Anterolateral Shin Splint, Posteromedial Shin Splint
A shin splint is a painful condition that occurs from damage to muscles along the shin, and the pain can occur anywhere from just below the knee to above the ankle. The typical cause is continued, repeated stress to the lower leg, and is common in runners.
Shin splints may be caused by:
- An inexperienced runner just beginning to run (too much too fast).
- Running on side slopes (ie. banked tracks).
- Tight Calf Muscles, exerting extra force on shin muscles.
- A sudden change from soft to hard running surfaces.
- Poor or worn out footwear.
- Excessive uphill running.
- Poor running mechanics. This could include: heavy forward lean, excessive weight on the ball of the foot, running with toes pointed outward, landing too far back on the heels causing the foot to flap down, and over-pronation. Of all of the possible causes, pronation (foot roll) is the most likely to be overlooked.
Anterolateral Shin Splints
Anterolateral shin splints affect muscles in the front and outside parts of the shin, and is the result of a natural imbalance in the size of opposing muscles. Shin muscles pull the foot up, whereas the large and powerful calf muscle pulls the foot down every time the heel strikes the ground when running. These calf muscles can exert a lot of force, enough force that can actually injure the shin muscles. Anterolateral shin splints will cause pain in the front and outside of the shin. Initial pain is felt when the heel strikes the ground though eventually the pain just stays constant.
To allow this type of shin splint to heal, the person must stop running and do other kinds of exercise recommended by their doctor or physical therapist. Such exercises usually involve stretching the calf muscle, as tight calf muscles put a lot of pressure on the shin muscle and tendons. A constant regimen of Circulation Boost is commonly recommended to help the affected muscles and tendons to become more elastic, allowing them to heal more quickly and reduce inflammation and pain in the area. Treatment of the calf muscle with the Leg TShellz Wrap® will also help increase the flexibility as well as elongate this muscle; this will reduce the level of strain on the shin muscle and tendon group and as such decrease the chance of re-injury and allow the injury to heal more quickly.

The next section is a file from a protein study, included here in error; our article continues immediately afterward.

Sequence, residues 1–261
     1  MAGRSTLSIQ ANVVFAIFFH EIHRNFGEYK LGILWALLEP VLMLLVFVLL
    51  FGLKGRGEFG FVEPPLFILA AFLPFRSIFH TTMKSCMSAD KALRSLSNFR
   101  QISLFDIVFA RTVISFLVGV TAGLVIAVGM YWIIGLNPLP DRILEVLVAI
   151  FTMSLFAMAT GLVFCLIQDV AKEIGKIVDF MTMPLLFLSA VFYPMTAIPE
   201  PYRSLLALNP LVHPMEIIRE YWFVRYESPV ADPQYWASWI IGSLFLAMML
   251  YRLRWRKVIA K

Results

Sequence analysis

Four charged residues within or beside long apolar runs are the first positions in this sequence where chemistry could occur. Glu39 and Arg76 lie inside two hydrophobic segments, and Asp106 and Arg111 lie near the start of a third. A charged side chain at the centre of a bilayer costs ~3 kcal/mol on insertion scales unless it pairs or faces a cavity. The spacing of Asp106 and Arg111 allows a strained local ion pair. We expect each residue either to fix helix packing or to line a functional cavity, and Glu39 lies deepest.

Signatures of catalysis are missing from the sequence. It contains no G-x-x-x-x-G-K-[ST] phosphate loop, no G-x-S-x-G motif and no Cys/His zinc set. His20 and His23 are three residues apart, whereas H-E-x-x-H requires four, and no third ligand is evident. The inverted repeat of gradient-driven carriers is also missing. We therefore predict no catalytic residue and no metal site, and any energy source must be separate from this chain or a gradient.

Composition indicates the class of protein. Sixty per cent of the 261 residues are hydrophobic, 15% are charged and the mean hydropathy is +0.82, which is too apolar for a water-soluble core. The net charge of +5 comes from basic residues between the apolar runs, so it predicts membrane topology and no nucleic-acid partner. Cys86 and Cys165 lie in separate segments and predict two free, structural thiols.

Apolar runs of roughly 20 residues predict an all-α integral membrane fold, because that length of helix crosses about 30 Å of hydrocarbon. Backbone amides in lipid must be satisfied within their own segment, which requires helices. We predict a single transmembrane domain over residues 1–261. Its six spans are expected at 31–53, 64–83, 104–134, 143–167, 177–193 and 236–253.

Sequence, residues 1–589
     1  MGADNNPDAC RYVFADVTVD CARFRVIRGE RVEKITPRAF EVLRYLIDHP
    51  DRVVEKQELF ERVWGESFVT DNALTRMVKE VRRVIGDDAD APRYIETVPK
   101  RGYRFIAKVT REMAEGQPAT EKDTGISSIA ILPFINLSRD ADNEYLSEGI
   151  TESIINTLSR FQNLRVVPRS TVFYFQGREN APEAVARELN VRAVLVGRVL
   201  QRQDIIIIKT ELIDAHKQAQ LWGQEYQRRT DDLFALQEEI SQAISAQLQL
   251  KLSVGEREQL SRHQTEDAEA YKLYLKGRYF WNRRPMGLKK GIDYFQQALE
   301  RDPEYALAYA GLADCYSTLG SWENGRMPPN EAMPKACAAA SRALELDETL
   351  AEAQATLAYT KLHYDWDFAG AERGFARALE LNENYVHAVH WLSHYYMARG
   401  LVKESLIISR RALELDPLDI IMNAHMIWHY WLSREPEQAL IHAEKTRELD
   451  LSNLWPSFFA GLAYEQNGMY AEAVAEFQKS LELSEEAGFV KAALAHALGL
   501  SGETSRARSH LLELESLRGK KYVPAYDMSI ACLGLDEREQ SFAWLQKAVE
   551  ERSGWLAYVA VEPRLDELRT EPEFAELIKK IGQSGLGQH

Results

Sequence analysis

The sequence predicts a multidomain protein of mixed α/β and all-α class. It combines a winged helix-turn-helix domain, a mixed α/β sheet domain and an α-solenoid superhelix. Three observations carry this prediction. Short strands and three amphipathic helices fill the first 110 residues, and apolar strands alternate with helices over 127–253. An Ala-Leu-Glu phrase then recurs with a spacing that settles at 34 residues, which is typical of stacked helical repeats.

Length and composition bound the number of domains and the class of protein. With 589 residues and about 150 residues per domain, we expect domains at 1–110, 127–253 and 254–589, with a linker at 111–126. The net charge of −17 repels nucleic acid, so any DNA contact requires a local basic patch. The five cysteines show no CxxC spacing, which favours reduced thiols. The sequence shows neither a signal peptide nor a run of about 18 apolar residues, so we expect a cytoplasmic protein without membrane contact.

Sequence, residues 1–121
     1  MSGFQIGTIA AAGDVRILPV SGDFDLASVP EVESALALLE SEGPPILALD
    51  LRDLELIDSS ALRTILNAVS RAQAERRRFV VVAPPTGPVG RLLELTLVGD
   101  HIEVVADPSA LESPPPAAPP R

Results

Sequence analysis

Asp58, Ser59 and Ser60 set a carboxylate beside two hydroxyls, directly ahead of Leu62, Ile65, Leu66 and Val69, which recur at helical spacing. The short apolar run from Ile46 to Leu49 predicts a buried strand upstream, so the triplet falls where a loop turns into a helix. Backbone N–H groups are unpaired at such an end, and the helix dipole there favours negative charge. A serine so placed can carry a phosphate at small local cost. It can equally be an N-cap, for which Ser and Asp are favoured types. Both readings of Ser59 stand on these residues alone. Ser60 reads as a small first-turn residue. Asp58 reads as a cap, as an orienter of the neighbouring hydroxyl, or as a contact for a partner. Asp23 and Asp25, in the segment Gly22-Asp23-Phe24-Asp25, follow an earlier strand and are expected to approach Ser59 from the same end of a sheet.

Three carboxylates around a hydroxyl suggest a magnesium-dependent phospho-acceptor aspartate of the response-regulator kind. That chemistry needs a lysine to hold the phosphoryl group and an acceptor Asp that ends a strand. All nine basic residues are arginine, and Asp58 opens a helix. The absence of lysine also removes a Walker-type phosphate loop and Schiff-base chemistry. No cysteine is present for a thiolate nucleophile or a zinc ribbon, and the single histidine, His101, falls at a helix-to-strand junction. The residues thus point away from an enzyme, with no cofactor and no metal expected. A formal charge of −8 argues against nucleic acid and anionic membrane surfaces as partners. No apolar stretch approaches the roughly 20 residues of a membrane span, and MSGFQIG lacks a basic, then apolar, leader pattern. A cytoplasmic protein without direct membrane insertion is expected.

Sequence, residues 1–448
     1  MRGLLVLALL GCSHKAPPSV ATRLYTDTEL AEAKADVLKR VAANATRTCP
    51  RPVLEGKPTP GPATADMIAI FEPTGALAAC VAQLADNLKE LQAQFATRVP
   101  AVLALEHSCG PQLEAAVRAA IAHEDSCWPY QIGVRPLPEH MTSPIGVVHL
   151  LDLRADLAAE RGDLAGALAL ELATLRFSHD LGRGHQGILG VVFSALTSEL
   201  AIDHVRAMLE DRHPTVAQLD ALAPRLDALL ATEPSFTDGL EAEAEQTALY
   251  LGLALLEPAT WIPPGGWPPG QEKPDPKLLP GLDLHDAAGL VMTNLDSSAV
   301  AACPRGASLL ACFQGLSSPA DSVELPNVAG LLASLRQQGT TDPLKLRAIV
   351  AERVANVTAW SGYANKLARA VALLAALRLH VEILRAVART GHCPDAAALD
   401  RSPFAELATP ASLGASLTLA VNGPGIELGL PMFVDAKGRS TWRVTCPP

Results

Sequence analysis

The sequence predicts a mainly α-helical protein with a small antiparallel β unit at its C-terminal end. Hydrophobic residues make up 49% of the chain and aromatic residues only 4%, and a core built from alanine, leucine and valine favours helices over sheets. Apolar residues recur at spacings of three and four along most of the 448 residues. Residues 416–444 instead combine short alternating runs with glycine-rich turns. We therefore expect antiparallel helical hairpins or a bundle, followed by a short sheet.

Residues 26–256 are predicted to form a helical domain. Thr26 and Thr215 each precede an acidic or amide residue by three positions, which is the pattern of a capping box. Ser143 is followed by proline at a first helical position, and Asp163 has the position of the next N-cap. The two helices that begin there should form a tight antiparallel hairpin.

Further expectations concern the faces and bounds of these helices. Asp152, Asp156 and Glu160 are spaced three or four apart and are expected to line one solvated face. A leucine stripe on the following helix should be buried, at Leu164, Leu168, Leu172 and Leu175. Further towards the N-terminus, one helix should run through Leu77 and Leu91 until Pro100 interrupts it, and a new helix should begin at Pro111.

Posteromedial shin splints
Posteromedial shin splints affect muscles in the back and inner part of the lower leg. These muscle groups are responsible for lifting the heel to support the runners weight on the ball portion of the foot when running. This type of shin splint is often caused by running on a banked track or non-level running surface or wearing improper shoes that do not protect the foot from rolling (pronation). Pain begins on the inside of the lower leg (usually within 7 inches above the ankles), but will worsen and continue to rise up the leg. Initially, only tendons of the muscles will become inflamed, but if running continues, the muscles themselves could become affected. At the worst, the tendon could become detached from the bone - a painful occurrence that causes bleeding and excessive inflammation.
To allow a posteromedial shin splint to heal, the runner must temporarily stop running and do other kinds of exercise recommended by their doctor or physical therapist. Special shoes may be prescribed during the healing phase, and it may be advisable to look into potential problems with pronation of the feet. This can often be solved by researching and using shoes that better prevent pronation and/or the avoidance of running on side slopes.
Tips on Tendinitis
The strained tendon is a common yet painful injury that will occur in almost everyone at least once in their lifetime. The trick with a strained tendon is to make sure it heals properly which will provide the lowest chance of re-injury. Re-injury of a strained or stressed tendon occurs more easily than the first time and there is usually much more inflammation around a re-injured tendon than there was during the first occurrence of the injury. Tendonitis is a degenerative condition in the tendon fibers that attach muscles to bone, and sufferers generally complain of a severe, burning pain in the area, which gradually worsens and is exacerbated by stress on the joint.
If you got it from a workout, heavily reduce your workout intensity (eliminate it altogether if possible) through the healing stage, and make sure the injured tendon be warmed up (and down) properly before and after a workout where it will be stressed.
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During your recovery, you will probably have to modify and/or eliminate any activities that cause pain or discomfort at the location of your soft tissue injury until the pain and inflammation settle. The more diligent you are with your treatment and rehabilitation, the faster you will see successful results!